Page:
The idea that women are lost to the system if they breastfeed is fatally floored. Women who choose never to even have kids still on average get paid less, and passed over for promotion on more occasions than a man, for the mere fact they are women. Hanna Rosin obviously struggles with her new role as a mother. I work full time and breastfeed full time, it is my duty. One that I freely took on when I got pregnant, that was what my responsibility comes to. It is time consuming, but raising a decent human being isn't something you take on lightly. You should be proud of your work. Some women so desperately want babies, and can't. In their honour we should make sure that we put 110% into our kids and be humbled by our luck to be able to be given the gift of life.

[deleted account]

Quoting Laura:

Very interesting. Although I really wonder where the author resides. Here in the southern part of the US, things are a bit different. My son is 10 months old and I am one of the very few moms I know who is still breastfeeding. People in my moms groups openly breastfeed their newborns with pride but somewhere between 3-6 months the bottles start appearing so the pressure sort of goes the other way. By 5 months, the "when are you going to wean" questions start and by 9 months, I started getting some "what the heck are you doing" sort of looks. Personally, I wish that we moms could find a way to be more supportive of each other not matter what our parenting choices.



I live in Texas and it is the same way here.  I have a 2 1/2 year old that I breastfed (and pumped while working full time) until I was almost 7 months pregnant with my second.  My oldest child was only 19 months old when our second was born and wasn't ready to wean despite my drop in milk production during pregnancy.  She weaned at 16 months on her own timetable.  I got all kinds of grief because I was "still nursing and pumping" after she was a year old. I even got the occasional "that is stealing from your baby  you are carrying".  I am currently "still" breastfeeding my 11 month old and have no plans to stop anytime soon. I now only work one day a week because it was MY choice to stay home and care for MY children the way I see fit!!  It is a very time consuming role to take on, but I love the feel of my baby against my breast and I am dedicated to raise my kids on the premise of what feels right and natural to me. I still pump when I am at work even though my husband usually just gives my nurser food and only occasional breastmilk until I get home.  Everytime I go to pump at least one person will ask me if I am still doing that and why?  I even had someone ask me two weeks ago if I still made enough milk for him...it took all I had not to answer with "are you kidding? do you know anything about how breastfeeding works? Add to it that I am an RN and work with plenty of nurses who should know the answer to those questions!! I agree that each mom should get to make the choice that SHE feels is best for HER baby...and let me make my choices without judgment.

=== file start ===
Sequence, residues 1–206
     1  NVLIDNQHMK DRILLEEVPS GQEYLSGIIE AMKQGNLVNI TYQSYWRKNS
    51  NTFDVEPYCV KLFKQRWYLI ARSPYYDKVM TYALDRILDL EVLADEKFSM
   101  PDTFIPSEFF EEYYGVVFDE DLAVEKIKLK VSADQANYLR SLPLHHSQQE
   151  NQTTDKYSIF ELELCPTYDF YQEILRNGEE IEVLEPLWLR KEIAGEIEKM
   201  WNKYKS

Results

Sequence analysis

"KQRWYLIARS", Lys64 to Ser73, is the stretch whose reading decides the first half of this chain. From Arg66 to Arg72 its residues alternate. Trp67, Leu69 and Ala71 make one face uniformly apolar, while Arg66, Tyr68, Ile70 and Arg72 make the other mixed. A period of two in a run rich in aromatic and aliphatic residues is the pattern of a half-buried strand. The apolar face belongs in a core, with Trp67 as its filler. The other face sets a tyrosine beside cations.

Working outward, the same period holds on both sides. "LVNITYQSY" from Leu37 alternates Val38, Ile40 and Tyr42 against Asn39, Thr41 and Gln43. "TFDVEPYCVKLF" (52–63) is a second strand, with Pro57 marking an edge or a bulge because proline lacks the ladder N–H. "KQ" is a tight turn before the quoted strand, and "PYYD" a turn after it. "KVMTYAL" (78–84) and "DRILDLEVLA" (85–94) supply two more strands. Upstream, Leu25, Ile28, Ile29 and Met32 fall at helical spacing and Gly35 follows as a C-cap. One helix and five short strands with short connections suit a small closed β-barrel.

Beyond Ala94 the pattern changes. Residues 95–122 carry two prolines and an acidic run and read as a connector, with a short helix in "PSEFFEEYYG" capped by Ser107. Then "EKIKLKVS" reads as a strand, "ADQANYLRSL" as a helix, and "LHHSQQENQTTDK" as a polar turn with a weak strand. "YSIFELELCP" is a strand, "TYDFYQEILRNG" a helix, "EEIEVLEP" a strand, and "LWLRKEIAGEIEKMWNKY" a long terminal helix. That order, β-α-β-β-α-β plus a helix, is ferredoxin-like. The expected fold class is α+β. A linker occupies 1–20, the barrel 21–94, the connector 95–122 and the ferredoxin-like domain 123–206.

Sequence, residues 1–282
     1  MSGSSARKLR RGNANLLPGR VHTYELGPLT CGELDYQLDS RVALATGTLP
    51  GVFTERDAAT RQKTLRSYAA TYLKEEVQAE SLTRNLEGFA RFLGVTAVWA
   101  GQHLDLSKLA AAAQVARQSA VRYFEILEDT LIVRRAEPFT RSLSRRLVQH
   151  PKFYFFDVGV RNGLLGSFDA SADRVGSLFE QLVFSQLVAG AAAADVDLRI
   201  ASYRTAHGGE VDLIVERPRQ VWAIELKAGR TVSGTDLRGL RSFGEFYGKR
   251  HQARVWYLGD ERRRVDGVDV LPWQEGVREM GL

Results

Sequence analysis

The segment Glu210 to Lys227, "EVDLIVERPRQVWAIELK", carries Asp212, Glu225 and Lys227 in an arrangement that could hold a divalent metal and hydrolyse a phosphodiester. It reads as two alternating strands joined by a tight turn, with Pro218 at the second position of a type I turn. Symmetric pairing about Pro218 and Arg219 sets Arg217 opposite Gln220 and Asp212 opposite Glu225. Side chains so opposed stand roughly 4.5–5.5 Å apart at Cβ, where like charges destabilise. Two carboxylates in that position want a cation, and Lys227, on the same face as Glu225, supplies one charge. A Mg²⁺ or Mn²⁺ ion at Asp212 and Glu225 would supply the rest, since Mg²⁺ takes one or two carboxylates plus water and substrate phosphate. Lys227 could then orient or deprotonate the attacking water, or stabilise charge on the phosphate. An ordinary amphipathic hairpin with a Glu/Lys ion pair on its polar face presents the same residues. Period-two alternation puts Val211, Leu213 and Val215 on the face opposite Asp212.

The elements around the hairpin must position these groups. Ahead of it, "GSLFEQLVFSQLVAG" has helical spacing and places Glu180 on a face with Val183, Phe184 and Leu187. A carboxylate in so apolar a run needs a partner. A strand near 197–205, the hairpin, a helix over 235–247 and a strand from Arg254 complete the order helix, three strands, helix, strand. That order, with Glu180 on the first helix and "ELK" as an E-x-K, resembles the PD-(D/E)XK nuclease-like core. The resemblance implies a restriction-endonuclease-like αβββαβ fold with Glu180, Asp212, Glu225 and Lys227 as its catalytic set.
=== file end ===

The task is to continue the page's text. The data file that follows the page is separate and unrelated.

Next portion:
sorry too for ranting, but I am very passionate about breastfeeding. I was one who had a lot of trouble nursing my first baby and without the help of a very patient lactation consultant would probably not be breastfeeding today.  I never would have dreamed that I would breastfeed a toddler or any child that had teeth, but I feel that my personal role as mommy wouldn't be complete without it. ;)

Stasia - posted on 03/27/2009

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Quoting Laura:

Very interesting. Although I really wonder where the author resides. Here in the southern part of the US, things are a bit different. My son is 10 months old and I am one of the very few moms I know who is still breastfeeding. People in my moms groups openly breastfeed their newborns with pride but somewhere between 3-6 months the bottles start appearing so the pressure sort of goes the other way. By 5 months, the "when are you going to wean" questions start and by 9 months, I started getting some "what the heck are you doing" sort of looks. Personally, I wish that we moms could find a way to be more supportive of each other not matter what our parenting choices.


wow Laura, good for you for sticking it out despite judgements of others!